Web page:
Making homemade bread is a hobby of mine- I really enjoy the process and of course, everyone seems to enjoy the results. I love the soft, moist texture of this potato bread! You can’t go wrong with the flavor either. If you’ve never had it, you must try it. So Pin it on Pinterest
, print it out, bookmark it- whatever you need to do so you have it on hand next time you have some leftover mashed potatoes!
Soft & Buttery Potato Bread
Yields 1 large or 2 small loaves
- 1 cup mashed potatoes
- 2 eggs, lightly beaten
- 1/2 cup soft butter
- 1 tsp salt
- 1/2 cup sugar
- 1/2 cup milk, heated to 110 degrees
- 1 TBSP active dry yeast
- 3 1/2 cups bread flour (about), more for dusting work surface
Set your oven to 170 degrees F and move an oven rack to the center position. (When it’s Fall/ Winter, it’s best to let your homemade bread dough rise in the warm oven, as opposed to on a drafty counter top. In the summer/ spring, I can get away with leaving it out in the sun. Not now though when it’s 43 degrees outside!)
In a medium sized bowl (or a stand mixer bowl, like I use!), mix the mashed potatoes, eggs, salt and butter.
In a separate bowl, combine the warm milk and 2 TBSP of the sugar. Stir until the sugar is dissolved. Add in the yeast and let it sit, to proof until the mixture begins to bubble up.
Turn your oven off. (You just need it warm, not hot!)
Using the dough hook on your mixer, add in the remaining sugar, as well as the flour in 1 cup at a time, allowing the flour to be incorporated before adding more. If you live in a relatively humid area, you might need an additional 1/4 cup of flour. Knead for 3 minutes. If the dough is still really sticking to the bottom, then add a tablespoon more flour. If it’s sticking a little bit, that’s fine, no need to add more flour. (Slightly sticky dough often yields soft & tender bread!)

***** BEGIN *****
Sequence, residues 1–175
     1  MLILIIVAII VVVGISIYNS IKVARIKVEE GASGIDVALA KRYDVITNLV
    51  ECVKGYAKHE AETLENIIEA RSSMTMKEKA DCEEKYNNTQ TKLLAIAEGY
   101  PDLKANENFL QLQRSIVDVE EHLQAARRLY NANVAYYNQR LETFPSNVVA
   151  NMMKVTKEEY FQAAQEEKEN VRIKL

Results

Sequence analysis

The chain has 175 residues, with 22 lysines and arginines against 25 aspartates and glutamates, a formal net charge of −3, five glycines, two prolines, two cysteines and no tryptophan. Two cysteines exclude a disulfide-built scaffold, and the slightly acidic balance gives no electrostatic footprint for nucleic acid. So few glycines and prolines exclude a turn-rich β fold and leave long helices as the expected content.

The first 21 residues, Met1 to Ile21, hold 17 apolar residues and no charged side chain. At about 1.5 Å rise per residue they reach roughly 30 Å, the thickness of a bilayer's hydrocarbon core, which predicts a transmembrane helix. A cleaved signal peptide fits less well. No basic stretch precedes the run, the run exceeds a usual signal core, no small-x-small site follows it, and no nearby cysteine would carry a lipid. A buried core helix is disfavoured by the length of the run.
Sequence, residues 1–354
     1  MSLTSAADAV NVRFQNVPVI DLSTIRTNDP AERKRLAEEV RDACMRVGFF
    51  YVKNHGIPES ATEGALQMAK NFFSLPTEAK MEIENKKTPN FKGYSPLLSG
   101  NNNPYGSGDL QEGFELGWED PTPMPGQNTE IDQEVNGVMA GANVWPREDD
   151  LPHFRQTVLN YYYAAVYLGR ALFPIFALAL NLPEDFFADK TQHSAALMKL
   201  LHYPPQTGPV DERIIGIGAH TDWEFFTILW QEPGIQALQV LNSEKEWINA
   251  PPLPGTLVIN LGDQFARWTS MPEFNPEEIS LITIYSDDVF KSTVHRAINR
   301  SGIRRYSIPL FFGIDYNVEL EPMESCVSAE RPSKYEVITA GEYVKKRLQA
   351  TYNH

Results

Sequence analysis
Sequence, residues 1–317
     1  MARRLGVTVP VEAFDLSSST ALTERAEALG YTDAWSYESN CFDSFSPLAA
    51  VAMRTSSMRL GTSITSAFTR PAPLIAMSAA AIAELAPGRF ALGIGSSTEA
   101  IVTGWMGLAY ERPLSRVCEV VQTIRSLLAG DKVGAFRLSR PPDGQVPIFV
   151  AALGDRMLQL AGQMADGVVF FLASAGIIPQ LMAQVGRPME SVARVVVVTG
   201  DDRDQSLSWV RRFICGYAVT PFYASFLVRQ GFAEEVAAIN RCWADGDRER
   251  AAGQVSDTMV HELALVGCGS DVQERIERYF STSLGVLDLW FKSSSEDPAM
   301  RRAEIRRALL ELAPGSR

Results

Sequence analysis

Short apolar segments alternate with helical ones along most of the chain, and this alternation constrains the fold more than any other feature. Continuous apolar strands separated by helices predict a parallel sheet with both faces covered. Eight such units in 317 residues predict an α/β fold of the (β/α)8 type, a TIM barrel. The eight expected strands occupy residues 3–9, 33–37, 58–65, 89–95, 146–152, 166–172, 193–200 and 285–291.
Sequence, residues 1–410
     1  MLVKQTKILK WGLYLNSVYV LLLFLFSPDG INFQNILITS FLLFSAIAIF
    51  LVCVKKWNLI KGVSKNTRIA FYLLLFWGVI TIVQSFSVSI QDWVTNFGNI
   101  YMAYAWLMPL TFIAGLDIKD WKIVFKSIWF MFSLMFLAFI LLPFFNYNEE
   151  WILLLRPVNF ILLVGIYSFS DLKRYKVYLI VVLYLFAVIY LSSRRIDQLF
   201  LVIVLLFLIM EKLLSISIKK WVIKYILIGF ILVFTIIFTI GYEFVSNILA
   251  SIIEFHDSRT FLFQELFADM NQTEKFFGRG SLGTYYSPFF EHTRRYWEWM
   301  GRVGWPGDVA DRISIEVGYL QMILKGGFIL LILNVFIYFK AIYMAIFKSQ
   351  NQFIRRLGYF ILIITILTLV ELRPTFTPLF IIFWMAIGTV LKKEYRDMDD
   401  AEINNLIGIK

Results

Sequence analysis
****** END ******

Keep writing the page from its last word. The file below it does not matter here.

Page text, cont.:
Continue to let the machine kneed the dough for about 5 more minutes; The dough should knead for about 8 to 10 minutes total.
Dump out the dough ball onto a lightly floured surface. Round the dough with your hands and place it in a lightly greased mixing bowl. Turn the dough over so the side with grease on it now faces up. Cover tightly with plastic wrap, and let it rise in the warm oven until doubled in size, about 1 to 1 1/2 hours.
Remove the dough from the oven and punch it down to deflate. Turn it out onto a lightly floured surface large enough to roll it out. At this point, divide the dough into two even halves if you’re making “normal” sized loaves. I have a 12″ bread pan
, so I made 1 large loaf! Roll the dough into a long rectangle. It should be about as wide as the loaf pan you plan to bake it in. Carefully roll the dough from short end to short end, and pinch and fold the ends underneath along the seam. Place the dough, seam side down, in a lightly greased bread/loaf pan.
Place loaf into the warm oven to rise again for 45 minutes to 1 hour. You’re ready to bake it when the dough has risen about 1 inch above the rim.
When dough has risen sufficiently, turn the oven on to 375 degrees. Bake the loaves on the middle rack for 25 to 35 minutes, or until internal temp reaches 190 degrees and crust is a deep golden brown. Remove and let cool for about 5 minutes, then transfer out onto a wire rack to cool completely. Brush with butter.
Slice and serve, or wrap tightly with plastic wrap and then tin foil to store in the freezer.
If you have leftovers, this bread makes fabulous french toast! Enjoy!
Products that will help you re-create this recipe at home: